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Despite the testimony of scientists that the strength of Kenneth McKellar is insignificant compared to that of the atom bomb, the Senator from Tennessee has lately been experiencing delusions of grandeur, and is prepared to display his vocal brawn in an attempt to twist fissionable uranium into a political crowbar. Contesting the appointment of David E. Lilienthal as Chairman of the new Atomic Energy Commission, McKellar is reviving an old political battle as significant to the problem of peacetime atomicenergy development as an Ozark blood-fend.
When Lilienthal became chairman of the Tennessee Valley Administration in 1941, McKellar began a struggle against the young administrator in an effort to drag the T.V.A. into the realm of Washington and Tennessee political patronage. Last week, as President Truman named Lilienthal to head the civilian board inheriting the atom problem from the Army, McKellar again squeezed a question of international magnitude into a battered Capital top-hat and planned to fight Senate confirmation of the White House appointment.
The new commission, which, as Lilienthal said, "will be pioneering in uncharted fields," includes, besides the former T.V.A. administrator, a physicist, a banker, an editor and a government bureaucrat. By law they are required to devote all their working hours to the atom problem. Except for Lilienthal and Sumner Pike, a former member of the Securities and Exchange Commission, none of the new boardmen has had experience in governmental activity. It would be disastrous, after wresting the power of the atom out of the hands of the Army, to put it in the hands of a logrolling candidate of Senator McKellar's choosing.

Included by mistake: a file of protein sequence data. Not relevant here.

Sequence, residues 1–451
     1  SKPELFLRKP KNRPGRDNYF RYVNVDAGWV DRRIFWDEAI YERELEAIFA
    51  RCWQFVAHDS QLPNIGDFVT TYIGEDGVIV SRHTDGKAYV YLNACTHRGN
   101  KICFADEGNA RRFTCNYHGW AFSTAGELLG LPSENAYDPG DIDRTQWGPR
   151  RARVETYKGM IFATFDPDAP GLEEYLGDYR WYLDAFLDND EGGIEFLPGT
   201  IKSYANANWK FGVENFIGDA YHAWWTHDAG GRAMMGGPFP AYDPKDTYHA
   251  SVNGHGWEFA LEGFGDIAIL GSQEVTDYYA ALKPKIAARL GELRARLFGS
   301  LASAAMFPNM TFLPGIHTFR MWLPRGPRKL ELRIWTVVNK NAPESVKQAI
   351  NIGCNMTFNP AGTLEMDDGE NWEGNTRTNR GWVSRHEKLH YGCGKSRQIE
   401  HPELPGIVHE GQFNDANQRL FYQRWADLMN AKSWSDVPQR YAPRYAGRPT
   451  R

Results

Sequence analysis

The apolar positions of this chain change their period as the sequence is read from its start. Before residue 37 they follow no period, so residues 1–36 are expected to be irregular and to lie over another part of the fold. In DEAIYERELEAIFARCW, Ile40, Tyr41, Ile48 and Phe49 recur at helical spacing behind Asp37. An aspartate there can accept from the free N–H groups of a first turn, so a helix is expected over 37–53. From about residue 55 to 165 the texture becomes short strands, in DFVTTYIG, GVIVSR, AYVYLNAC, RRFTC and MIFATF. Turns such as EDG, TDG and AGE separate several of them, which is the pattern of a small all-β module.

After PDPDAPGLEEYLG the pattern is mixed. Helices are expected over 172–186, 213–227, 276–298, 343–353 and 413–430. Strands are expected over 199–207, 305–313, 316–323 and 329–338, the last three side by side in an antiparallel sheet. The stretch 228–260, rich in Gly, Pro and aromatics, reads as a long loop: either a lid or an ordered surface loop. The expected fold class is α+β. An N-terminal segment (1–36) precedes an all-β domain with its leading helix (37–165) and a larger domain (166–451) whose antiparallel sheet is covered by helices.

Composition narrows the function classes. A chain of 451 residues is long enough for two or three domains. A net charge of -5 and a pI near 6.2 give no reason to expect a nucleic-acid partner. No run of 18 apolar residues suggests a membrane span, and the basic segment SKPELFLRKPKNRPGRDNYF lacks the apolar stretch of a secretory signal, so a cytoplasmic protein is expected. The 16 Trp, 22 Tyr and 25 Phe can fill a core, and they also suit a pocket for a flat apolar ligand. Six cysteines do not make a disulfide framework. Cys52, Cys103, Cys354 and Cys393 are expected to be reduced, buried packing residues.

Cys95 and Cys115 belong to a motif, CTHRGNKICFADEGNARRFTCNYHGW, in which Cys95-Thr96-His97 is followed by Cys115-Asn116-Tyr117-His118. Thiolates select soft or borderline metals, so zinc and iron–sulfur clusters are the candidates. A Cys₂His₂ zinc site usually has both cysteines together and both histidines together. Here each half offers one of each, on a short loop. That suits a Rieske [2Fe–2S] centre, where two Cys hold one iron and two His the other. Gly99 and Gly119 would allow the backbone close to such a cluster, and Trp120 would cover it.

Opposition to the Truman nomination exhibits, even from McKellar's partisan point of view, a case of political myopia. By attempting to institute the spoils system in atomic control, the former Senate President Pro Tem is dividing the few remaining Democrats, and rapidly convincing a worldful of people that American statesmen are still juggling the A-bomb in a Congressional circus.
With the aid of an Army-Navy board acting only in an advisory capacity, the Atomic Energy Commission will control the three huge plants in Washington, Tennessee, and New Mexico, and their bomb production, and will have power to strike out in experiment of any nature. As Lilienthal wrote, "The consequences of our work, for good or evil, are awesome." The operations of such a board transcend all party lines. Republicans are as susceptible to death by radiation as Democrats.
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